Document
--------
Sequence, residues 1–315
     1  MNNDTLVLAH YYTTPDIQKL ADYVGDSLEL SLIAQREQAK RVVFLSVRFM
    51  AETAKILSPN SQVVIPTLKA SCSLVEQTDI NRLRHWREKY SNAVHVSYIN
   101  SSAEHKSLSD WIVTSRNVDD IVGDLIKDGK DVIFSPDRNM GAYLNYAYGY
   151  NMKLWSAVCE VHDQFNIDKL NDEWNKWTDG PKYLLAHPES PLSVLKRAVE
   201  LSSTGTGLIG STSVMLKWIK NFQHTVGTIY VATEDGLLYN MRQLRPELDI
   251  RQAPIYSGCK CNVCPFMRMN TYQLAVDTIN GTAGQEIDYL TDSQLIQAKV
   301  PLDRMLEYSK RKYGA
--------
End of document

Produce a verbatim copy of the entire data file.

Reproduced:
Sequence, residues 1–315
     1  MNNDTLVLAH YYTTPDIQKL ADYVGDSLEL SLIAQREQAK RVVFLSVRFM
    51  AETAKILSPN SQVVIPTLKA SCSLVEQTDI NRLRHWREKY SNAVHVSYIN
   101  SSAEHKSLSD WIVTSRNVDD IVGDLIKDGK DVIFSPDRNM GAYLNYAYGY
   151  NMKLWSAVCE VHDQFNIDKL NDEWNKWTDG PKYLLAHPES PLSVLKRAVE
   201  LSSTGTGLIG STSVMLKWIK NFQHTVGTIY VATEDGLLYN MRQLRPELDI
   251  RQAPIYSGCK CNVCPFMRMN TYQLAVDTIN GTAGQEIDYL TDSQLIQAKV
   301  PLDRMLEYSK RKYGA